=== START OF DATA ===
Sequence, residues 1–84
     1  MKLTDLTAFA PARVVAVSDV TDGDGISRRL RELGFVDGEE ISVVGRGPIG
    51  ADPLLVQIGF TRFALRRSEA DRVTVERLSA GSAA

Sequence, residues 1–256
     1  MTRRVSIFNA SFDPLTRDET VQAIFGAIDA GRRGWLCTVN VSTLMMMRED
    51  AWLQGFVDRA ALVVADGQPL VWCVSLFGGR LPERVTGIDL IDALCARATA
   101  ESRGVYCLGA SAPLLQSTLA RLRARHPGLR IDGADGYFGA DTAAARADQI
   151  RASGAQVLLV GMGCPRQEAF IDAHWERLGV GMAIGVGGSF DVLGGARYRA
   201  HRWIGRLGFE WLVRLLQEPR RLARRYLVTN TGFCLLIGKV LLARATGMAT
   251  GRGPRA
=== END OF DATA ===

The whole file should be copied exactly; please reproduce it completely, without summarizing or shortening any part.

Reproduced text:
Sequence, residues 1–84
     1  MKLTDLTAFA PARVVAVSDV TDGDGISRRL RELGFVDGEE ISVVGRGPIG
    51  ADPLLVQIGF TRFALRRSEA DRVTVERLSA GSAA

Sequence, residues 1–256
     1  MTRRVSIFNA SFDPLTRDET VQAIFGAIDA GRRGWLCTVN VSTLMMMRED
    51  AWLQGFVDRA ALVVADGQPL VWCVSLFGGR LPERVTGIDL IDALCARATA
   101  ESRGVYCLGA SAPLLQSTLA RLRARHPGLR IDGADGYFGA DTAAARADQI
   151  RASGAQVLLV GMGCPRQEAF IDAHWERLGV GMAIGVGGSF DVLGGARYRA
   201  HRWIGRLGFE WLVRLLQEPR RLARRYLVTN TGFCLLIGKV LLARATGMAT
   251  GRGPRA